13 And Jonathan climbed up upon his hands and upon his feet, and his armourbearer after him: and they fell before Jonathan; and his armourbearer slew after him. (1 Samuel 14:13)
So Jonathan and his armorbearer were CLIMBING UP to the enemy?! (Isn’t that yet another thing that the strategists would say was another one of the stupidest ideas ever—attacking an enemy situated on high ground?) To all outward appearances they have the odds stacked against them in a multitude of ways—it’s two against many, they’re climbing to the enemy, and the rest of the Israelite army has no clue where they are or what they are doing so they get no backup if they get in trouble. And yet they are going for it anyway, because they are thinking, If God be for us, who can be against us?
14 And that first slaughter, which Jonathan and his armourbearer made, was about twenty men, within as it were an half acre of land, which a yoke of oxen might plow. (1 Samuel 14:14)
This reminds me a lot of the story of Ammon fighting the Lamanites in the Book of Mormon. Fantastic. But wait, the battle is just getting started!
15 And there was trembling in the host, in the field, and among all the people: the garrison, and the spoilers, they also trembled, and the earth quaked: so it was a very great trembling.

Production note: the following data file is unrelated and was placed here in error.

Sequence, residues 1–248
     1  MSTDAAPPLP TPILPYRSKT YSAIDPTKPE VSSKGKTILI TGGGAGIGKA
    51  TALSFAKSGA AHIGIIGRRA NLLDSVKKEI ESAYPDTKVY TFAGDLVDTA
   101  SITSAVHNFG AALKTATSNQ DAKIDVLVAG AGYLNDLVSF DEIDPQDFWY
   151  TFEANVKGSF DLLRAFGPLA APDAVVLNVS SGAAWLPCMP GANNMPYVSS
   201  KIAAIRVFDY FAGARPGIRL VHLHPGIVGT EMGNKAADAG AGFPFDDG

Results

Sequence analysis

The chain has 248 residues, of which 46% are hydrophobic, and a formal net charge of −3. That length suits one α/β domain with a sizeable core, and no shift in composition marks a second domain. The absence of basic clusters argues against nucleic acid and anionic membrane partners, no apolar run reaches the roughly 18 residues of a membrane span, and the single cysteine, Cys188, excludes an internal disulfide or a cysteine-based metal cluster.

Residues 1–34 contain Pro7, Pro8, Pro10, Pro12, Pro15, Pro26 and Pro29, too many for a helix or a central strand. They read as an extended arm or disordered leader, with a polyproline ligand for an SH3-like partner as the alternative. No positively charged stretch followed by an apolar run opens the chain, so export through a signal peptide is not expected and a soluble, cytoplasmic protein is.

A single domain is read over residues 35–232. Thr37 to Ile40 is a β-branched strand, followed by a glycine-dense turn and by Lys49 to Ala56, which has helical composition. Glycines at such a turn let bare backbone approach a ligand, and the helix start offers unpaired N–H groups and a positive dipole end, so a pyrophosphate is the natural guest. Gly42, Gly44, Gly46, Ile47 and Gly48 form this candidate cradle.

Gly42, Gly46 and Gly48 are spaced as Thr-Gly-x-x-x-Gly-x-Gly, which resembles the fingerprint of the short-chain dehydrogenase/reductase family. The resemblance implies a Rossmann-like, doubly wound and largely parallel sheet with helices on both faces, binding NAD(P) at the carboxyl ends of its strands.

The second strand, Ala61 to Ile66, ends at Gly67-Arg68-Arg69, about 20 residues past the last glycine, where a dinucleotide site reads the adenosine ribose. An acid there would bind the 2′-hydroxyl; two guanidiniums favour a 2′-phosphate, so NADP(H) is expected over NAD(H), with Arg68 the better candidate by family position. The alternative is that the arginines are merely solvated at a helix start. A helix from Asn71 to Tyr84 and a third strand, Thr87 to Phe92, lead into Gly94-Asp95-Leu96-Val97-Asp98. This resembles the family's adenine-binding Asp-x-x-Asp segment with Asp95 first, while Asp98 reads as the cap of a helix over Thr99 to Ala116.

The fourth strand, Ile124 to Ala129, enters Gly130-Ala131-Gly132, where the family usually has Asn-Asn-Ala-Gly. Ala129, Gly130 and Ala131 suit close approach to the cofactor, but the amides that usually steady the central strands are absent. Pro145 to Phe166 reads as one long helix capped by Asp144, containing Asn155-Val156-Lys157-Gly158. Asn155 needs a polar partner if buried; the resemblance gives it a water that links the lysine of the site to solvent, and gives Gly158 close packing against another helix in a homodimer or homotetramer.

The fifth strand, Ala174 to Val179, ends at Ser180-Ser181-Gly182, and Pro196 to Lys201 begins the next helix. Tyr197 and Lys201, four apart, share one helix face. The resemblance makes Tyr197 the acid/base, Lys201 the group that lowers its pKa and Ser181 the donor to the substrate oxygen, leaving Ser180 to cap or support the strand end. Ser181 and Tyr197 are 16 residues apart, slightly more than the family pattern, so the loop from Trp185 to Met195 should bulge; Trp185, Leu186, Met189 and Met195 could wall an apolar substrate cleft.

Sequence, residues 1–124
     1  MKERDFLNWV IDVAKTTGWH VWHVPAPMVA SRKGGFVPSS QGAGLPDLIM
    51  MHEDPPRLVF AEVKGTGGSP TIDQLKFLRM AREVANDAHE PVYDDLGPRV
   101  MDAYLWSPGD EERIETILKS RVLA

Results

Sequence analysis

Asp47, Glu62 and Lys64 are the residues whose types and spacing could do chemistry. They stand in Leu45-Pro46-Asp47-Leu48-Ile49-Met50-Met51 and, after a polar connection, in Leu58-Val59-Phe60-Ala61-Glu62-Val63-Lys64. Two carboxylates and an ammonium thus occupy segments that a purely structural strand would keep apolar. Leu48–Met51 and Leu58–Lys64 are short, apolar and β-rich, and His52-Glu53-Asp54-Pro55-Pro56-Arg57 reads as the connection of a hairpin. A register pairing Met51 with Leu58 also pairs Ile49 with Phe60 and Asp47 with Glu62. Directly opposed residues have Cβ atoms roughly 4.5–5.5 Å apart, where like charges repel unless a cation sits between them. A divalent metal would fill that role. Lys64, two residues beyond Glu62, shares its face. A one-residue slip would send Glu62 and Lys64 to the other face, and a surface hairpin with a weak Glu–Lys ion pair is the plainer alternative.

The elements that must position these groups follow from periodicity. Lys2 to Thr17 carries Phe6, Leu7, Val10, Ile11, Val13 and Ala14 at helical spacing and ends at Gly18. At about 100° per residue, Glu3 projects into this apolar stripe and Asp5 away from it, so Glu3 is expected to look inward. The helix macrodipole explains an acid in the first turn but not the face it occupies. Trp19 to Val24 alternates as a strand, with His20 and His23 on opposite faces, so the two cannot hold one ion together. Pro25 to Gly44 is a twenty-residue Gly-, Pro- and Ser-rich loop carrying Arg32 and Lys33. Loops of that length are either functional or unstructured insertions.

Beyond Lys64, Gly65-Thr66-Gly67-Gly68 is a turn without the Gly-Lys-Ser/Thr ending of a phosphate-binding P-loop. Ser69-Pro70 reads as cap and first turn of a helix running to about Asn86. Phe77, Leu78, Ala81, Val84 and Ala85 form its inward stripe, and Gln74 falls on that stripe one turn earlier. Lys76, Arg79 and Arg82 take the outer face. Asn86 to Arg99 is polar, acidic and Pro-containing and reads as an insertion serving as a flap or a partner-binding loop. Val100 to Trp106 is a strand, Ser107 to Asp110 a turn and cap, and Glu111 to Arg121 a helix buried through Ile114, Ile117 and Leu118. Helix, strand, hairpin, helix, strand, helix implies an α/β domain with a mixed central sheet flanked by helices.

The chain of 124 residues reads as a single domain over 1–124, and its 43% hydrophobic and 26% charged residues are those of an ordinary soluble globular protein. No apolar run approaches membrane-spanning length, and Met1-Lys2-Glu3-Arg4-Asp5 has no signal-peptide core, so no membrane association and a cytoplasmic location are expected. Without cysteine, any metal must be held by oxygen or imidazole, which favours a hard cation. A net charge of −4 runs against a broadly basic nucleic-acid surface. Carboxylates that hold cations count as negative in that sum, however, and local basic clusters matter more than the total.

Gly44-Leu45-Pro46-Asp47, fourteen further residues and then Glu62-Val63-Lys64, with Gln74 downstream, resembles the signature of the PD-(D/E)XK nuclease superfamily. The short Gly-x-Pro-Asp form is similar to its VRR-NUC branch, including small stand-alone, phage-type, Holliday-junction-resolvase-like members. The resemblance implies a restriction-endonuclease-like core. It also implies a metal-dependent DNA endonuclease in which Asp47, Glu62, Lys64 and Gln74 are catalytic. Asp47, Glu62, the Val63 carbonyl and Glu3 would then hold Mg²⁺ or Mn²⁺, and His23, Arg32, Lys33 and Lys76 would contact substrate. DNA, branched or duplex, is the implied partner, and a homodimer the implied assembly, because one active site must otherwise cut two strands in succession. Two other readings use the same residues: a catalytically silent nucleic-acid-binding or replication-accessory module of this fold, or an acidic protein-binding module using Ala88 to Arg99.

16 And the watchmen of Saul in Gibeah of Benjamin looked; and, behold, the multitude melted away, and they went on beating down one another. (1 Samuel 14:15-16)
The Lord has thrown in an earthquake to shake things up a bit. (pardon the pun) Nice.

Meanwhile, back at the ranch..
17 Then said Saul unto the people that were with him, Number now, and see who is gone from us. And when they had numbered, behold, Jonathan and his armourbearer were not there.
18 And Saul said unto Ahiah, Bring hither the ark of God. For the ark of God was at that time with the children of Israel.
19 ¶ And it came to pass, while Saul talked unto the priest, that the noise that was in the host of the Philistines went on and increased: and Saul said unto the priest, Withdraw thine hand. (1 Samuel 14:17-19)
“Duhhh, who’s missing?”